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Social security & IRMAA

I started taking Social security this year & also doing some Roth conversions till I hit IRMAA limit (no surcharge). I know 85% of social security is taxable for me so Q is - is 85% of SS payment counted for MAGI or the full amount.


  • edited April 19
    There is confusion on this.

    One definition from reading the SSA brochures is,
    MAGI = AGI + tax-exempt interest

    But another is,
    MAGI = AGI + untaxed Social Security payment + tax-exempt interest

    Different MAGI are used for different purposes and that adds to the confusion.

  • Now I have a non-linkable "proof" based on checking numbers on our OWN tax returns and what was mentioned in our SSA "DETERMINATION letters" (received typically in November/December) that it is like the 1st FORMULA. So, the SSA takes the AGI from the 1040 of 1-2 years ago (that includes only the TAXABLE Social Security payments) and adds TAX-EXEMPT interest to get MAGI for IRMAA. The Determination letter mentioned those 2 numbers separately and the total and said that the IRS provided them to the SSA. Specifically, the untaxed portion of the Social Security payment was NOT added to MAGI for IRMAA.

    The 2nd formula can also be found quickly on web search but it is used for other things, NOT Medicare IRMAA. But misleading statements can be found on the web.
  • msf
    edited April 20
    There aren't many places where the formula (add lines x, y, and z from form 1040) is stated, because generally it's SSA not the taxpayer who does this calculation. One place it is stated, linkably, is in the instructions for appealing an IRMAA decision.
    Your MAGI is your adjusted gross income as used on line 11 of IRS form 1040 plus your tax-exempt interest income as used on line 2a of IRS form 1040.

    Other health benefits (e.g. ACA premium credits, Medicaid, CHIP) have different formulations of MAGI:
    There is no uniform definition of MAGI; rather, the term has different definitions depending on the purpose for which it is being calculated. For each of these federal health programs, MAGI begins with adjusted gross income (AGI) as calculated for tax purposes. From there, various types of income are included (or, in the case of Medicaid, subtracted) to calculate MAGI for each particular program.
    The Use of Modified Adjusted Gross Income (MAGI) in Federal Health Programs, Dec 6, 2018. (Congressional Research Service)

    I haven't been able to find the second formula. The closest I can find is this IRS Worksheet 1-1 for ACA premium credits (aka subsidies): Pragmatically it likely sums to the same figure, because most people don't file Form 2555.

    AGI (1040 line 11) + tax exempt int. (line 2a) + foreign tax exclusion (Form 2555 lines 45 and 50)
    + nontaxable portion of SS (line 6a minus line 6b)

    Of course MAGI calculations for IRAs are substantially different. The MAGI formula for T-IRA deductibility requires one to add back the IRA deduction in calculating MAGI. The MAGI formula for Roth contribution eligibility lets you exclude Roth conversion amounts.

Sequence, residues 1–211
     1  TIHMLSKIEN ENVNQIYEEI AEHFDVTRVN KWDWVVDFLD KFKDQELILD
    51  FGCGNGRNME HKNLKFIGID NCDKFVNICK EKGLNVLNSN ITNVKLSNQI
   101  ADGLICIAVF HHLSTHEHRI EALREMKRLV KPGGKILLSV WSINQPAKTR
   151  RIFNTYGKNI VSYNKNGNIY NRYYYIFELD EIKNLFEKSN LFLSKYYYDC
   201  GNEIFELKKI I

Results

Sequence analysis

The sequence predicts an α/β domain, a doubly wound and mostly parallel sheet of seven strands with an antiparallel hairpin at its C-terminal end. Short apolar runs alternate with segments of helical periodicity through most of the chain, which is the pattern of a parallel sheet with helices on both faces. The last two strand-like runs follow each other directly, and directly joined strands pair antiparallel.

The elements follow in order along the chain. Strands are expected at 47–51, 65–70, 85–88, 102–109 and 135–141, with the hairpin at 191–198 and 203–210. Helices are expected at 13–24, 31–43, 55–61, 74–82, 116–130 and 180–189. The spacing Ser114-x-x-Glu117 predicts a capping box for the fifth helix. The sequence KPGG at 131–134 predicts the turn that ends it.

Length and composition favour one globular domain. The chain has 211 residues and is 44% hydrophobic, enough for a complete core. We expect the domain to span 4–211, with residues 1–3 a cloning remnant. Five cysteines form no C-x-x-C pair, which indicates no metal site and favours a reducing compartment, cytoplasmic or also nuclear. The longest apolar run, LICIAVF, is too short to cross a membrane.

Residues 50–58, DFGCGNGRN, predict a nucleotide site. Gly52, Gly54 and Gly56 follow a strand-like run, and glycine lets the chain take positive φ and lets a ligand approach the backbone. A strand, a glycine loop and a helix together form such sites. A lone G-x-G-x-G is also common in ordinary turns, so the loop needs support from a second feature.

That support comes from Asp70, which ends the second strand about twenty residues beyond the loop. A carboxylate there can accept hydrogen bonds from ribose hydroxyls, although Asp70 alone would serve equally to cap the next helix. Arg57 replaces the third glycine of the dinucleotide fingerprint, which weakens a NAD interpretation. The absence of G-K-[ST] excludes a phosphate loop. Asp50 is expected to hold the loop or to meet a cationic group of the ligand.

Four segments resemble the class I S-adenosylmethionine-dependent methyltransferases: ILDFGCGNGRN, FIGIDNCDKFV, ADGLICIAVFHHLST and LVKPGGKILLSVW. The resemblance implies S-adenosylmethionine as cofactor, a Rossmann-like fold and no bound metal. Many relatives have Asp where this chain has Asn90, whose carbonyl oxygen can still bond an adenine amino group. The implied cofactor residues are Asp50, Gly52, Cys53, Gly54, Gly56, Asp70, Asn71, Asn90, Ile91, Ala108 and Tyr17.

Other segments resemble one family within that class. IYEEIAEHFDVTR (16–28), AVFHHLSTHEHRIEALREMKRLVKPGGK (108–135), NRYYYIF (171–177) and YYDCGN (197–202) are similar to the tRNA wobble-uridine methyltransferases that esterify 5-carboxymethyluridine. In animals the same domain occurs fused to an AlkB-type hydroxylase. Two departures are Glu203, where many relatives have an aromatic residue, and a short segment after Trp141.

T-IRA worksheet:
    Roth IRA worksheet:
  • @msf, thanks for the further verification.
  • beebee
    edited April 21
    Maybe a side note to this thread, but HSA contributions adjust gross income. Further, if one has earned income through self employment, Health insurance premiums (including ACA Insurance premiums) are deductible against self employment income which would also potentially lower AGI.

    So, when calculating for ACA premium credits remember to "adjusts" ones AGI to reflect the possibility of these two income deductions when calculating your MAGI for ACA eligibility and premium credits.

  • Nice article on SS Claiming Strategies:
  • Health insurance premiums (including ACA Insurance premiums) are deductible against self employment income

    It's a subtle point, but the self-employed health insurance deduction (formerly 1040 line 29, now Schedule 1 line 17) is an above the line deduction against gross income rather than a deduction against self employment income (which would be on Schedule C). True, it is capped by the amount of self-employment income, but it doesn't reduce self-employment income.

    This is a distinction with a difference.

    Suppose one has $10K in self-employment income (after deducting business expenses), and no other compensation ("earned income"). Suppose further that one paid $11K for health insurance.

    Then one would be able to take a $10K above the line deduction. Since the deduction isn't against self-employment income, total compensation would remain $10K. And so one would be permitted to contribute $10K to an IRA.

    Had the insurance cost been treated like every other business expense, i.e. deducted against self-employment income, then the self-employed income would have been zero, and no IRA contribution would have been permitted.

    Yes, this is double counting a deduction. And yet that's the way it really works. It's a presumably unintended consequence of treating insurance costs differently for self-employed individuals than for companies.
  • Thanks @msf, great clarification and important information for those with self employment income.
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